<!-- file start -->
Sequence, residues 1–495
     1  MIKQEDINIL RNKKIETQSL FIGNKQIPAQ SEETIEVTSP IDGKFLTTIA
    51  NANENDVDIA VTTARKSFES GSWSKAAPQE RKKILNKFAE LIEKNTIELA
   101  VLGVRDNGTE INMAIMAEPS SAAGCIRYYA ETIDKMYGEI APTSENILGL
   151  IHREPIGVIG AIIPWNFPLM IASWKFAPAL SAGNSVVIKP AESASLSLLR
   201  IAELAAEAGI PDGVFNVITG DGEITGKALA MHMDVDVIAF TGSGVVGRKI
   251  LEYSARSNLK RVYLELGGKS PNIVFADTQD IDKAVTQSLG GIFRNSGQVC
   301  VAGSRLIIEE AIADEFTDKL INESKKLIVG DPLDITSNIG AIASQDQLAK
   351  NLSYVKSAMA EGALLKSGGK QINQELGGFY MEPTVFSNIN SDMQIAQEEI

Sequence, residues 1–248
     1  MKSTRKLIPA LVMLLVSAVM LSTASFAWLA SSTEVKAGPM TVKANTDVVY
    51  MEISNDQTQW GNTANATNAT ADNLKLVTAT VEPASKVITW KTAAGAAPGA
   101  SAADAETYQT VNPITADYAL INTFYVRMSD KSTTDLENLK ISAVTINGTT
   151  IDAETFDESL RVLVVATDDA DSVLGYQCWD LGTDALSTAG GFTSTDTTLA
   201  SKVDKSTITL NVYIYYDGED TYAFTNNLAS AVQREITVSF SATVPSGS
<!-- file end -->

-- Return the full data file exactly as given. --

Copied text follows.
Sequence, residues 1–495
     1  MIKQEDINIL RNKKIETQSL FIGNKQIPAQ SEETIEVTSP IDGKFLTTIA
    51  NANENDVDIA VTTARKSFES GSWSKAAPQE RKKILNKFAE LIEKNTIELA
   101  VLGVRDNGTE INMAIMAEPS SAAGCIRYYA ETIDKMYGEI APTSENILGL
   151  IHREPIGVIG AIIPWNFPLM IASWKFAPAL SAGNSVVIKP AESASLSLLR
   201  IAELAAEAGI PDGVFNVITG DGEITGKALA MHMDVDVIAF TGSGVVGRKI
   251  LEYSARSNLK RVYLELGGKS PNIVFADTQD IDKAVTQSLG GIFRNSGQVC
   301  VAGSRLIIEE AIADEFTDKL INESKKLIVG DPLDITSNIG AIASQDQLAK
   351  NLSYVKSAMA EGALLKSGGK QINQELGGFY MEPTVFSNIN SDMQIAQEEI

Sequence, residues 1–248
     1  MKSTRKLIPA LVMLLVSAVM LSTASFAWLA SSTEVKAGPM TVKANTDVVY
    51  MEISNDQTQW GNTANATNAT ADNLKLVTAT VEPASKVITW KTAAGAAPGA
   101  SAADAETYQT VNPITADYAL INTFYVRMSD KSTTDLENLK ISAVTINGTT
   151  IDAETFDESL RVLVVATDDA DSVLGYQCWD LGTDALSTAG GFTSTDTTLA
   201  SKVDKSTITL NVYIYYDGED TYAFTNNLAS AVQREITVSF SATVPSGS